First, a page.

Friday, May 30, 2014

How do you decide what projects to design?

How do you choose what projects to design?

That’s a toughie. I could say something trite like “the designs choose me!” because it’s kind of true. If I have an idea, I try to take it to execution. I might put stuff on the backburner but I always try to work on things periodically, keep old projects in mind, and take notes. Google Drive is a huge tool for this. I have loads of unfinished ideas lurking in a folder on Google Drive where I will take notes and log ideas.
Here are the major things I think of, honestly, when it comes to deciding whether I proceed with a project.

Do I have ideas for it?

If I don’t have ideas for a project, there’s no point in working on it. If I’m in a rut, I can dig at it, but often that just keeps me digging deeper instead of finding my way out. There’s a lot to be said for having inspiration and enthusiasm for a project, and without those things, it’s just toiling, and I don’t design to toil. I design to create things people will enjoy, and if I don’t enjoy making it, it’s not my best work.
Now, it’s one thing to design something that is hard or tedious, but I’m talking complete lack of interest. If you ask me to design something based on politics (like bureaucracy) or something with strict history guidelines, I probably will have a lot more trouble and enjoy it a lot less unless it’s something I find fascinating.

Do I have an audience for it?

I have loads of ideas just hanging out and waiting to see if there is someone who wants to play it. With Girls’ Slumber Party WOO! I am anxious because it’s kind of a niche game. I have ideas and enthusiasm for it, but I don’t know whether there’s a big enough audience to sell it, which is why it may end up being a free release once it’s done. One of the keys with having an audience is having playtesters, and we all know that having playtesters is a struggle for designers. If you can’t playtest a design, you put yourself at risk of having design flaws. Yeah, it can be done, but I’d rather find obvious design flaws before I put my games in the hands of people who paid for it. This is why development for Clash and Tabletop Blockbuster have taken as long as they have – we playtest, we find flaws, redesign, and playtest again. Rinse, repeat.

Is there interest in it?

It’s one thing to have an audience. Having an audience means there are people out there in the demographic and with preferences that means your game might appeal to them. Having interest is a whole ‘nother deal. Interest means that there are individuals or groups out there that receive your pitch and say “YES. Let’s DO this.” You don’t want to be putting something out there and have people bored to tears or uninterested because you didn’t design it to appeal, or because there’s just not interest in what you’re selling. You want people picking up what you put down, right?

Can it make money?

This sounds shallow, but frankly, I like getting paid for my work. To put it in perspective, I was not going to sell Clash. I was going to print it out and give it out for free. Then a few IGDN members went “Oh, no no no!” and gave me what-for about it. They showed interest in the game (see the last question), and gave me reasons for why it was a money-making possibility. Subsequently, I invested tons of time and some of my own money in getting it to ashcan state over six months, including taking it to cons, paying for scenarios to be written, etc. I still think free products are great, but I also think that models like Patreon are appropriate for people making “free” games because I think it’s fair to pay people for their efforts. As much as it would be great to just create and be free of societal expectations of financial responsibilities, we still live in a world where living – just living – costs money. Design work isn’t magical. You still have to eat while you’re designing, and keep the internet and power on. When I’m working on design, I’m not working at my day job or doing freelance writing, but I’m still using power and burning calories. Something’s gotta pay for that. This doesn’t mean that I’ll never release something for free, it just means that I’ll try to create products that can pay me back for the work I do.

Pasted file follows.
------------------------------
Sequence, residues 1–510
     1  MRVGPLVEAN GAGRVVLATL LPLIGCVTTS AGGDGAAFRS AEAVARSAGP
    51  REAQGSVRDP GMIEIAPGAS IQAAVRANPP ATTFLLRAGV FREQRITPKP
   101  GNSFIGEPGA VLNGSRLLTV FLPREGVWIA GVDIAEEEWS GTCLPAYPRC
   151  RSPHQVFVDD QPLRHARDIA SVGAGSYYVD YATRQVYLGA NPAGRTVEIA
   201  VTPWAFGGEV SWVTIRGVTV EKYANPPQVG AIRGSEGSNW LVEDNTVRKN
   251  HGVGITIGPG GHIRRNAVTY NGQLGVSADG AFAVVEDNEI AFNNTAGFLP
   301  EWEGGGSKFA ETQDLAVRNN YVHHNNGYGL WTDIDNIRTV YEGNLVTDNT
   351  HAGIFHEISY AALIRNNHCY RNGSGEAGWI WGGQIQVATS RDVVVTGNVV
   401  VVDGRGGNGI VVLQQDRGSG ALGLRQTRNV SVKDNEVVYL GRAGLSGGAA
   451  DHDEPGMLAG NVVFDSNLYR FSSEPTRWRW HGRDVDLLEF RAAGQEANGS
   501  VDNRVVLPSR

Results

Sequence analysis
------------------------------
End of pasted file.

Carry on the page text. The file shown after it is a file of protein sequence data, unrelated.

Does the design concept work?

I’ve written down some really silly design ideas. Some I saved, some I deleted. The thing is, if your design concept is flawed – like bad math or too much complexity or too much simplicity – there’s no point in pursuing the design as is. You either need to redesign or dump it. And there’s nothing wrong with dumping a design! Generally when I dump a design I put it in a Google Drive folder just in case I want to pull it out and pull ideas from it at a later date – I’ve saved every revision of Clash, every draft of Tabletop Blockbuster rules, and a bunch of other stuff.

Do I have time for it? OR Will I make time for it?

I’m super busy. I work and go to school and have this blog, plus I do freelance writing and design. So, stuff I’m working on personally has to have a lot of value for me. I have to either have free time, or make time. And whether I make time really depends on whether I like the product.

Do I like what I’m working on?


Some stuff this is a quick and easy “Yup!” like Girls’ Slumber Party WOO! Some of it is harder, like certain aspects of Tabletop Blockbuster (like GM rules, which were quickly handed over to John, my partner-in-crime). While designing is something I have found passion for, I still need to like the stuff I’m doing. This is different than having ideas; this is more an emotional investment. I need to want to pour my soul into what I’m doing.

In the end, it's about whether I like the project and whether I feel like it's worth investing in.

What helps you decide what projects to focus on?